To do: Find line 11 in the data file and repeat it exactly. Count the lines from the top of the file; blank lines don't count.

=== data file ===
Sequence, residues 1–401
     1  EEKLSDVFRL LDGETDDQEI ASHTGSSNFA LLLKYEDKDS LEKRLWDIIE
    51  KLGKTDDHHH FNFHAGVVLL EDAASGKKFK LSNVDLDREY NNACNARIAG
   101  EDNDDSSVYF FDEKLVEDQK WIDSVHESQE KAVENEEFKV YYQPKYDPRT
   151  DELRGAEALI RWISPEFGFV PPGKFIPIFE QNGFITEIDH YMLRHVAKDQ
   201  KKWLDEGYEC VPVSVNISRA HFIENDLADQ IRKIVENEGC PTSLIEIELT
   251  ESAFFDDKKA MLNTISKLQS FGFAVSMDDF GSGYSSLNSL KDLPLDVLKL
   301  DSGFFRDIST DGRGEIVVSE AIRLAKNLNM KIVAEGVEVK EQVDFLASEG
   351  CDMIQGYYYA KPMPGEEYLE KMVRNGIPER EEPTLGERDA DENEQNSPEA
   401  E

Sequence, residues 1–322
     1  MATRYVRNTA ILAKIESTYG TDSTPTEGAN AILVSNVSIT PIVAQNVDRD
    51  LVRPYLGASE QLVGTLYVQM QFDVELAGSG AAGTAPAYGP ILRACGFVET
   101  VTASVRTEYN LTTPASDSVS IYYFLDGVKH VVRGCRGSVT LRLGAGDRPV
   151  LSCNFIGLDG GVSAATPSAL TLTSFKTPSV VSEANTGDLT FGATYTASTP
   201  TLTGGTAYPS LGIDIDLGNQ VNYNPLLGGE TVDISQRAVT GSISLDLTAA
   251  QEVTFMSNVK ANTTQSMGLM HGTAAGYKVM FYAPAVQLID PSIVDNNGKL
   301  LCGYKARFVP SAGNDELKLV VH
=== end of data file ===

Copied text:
Sequence, residues 1–322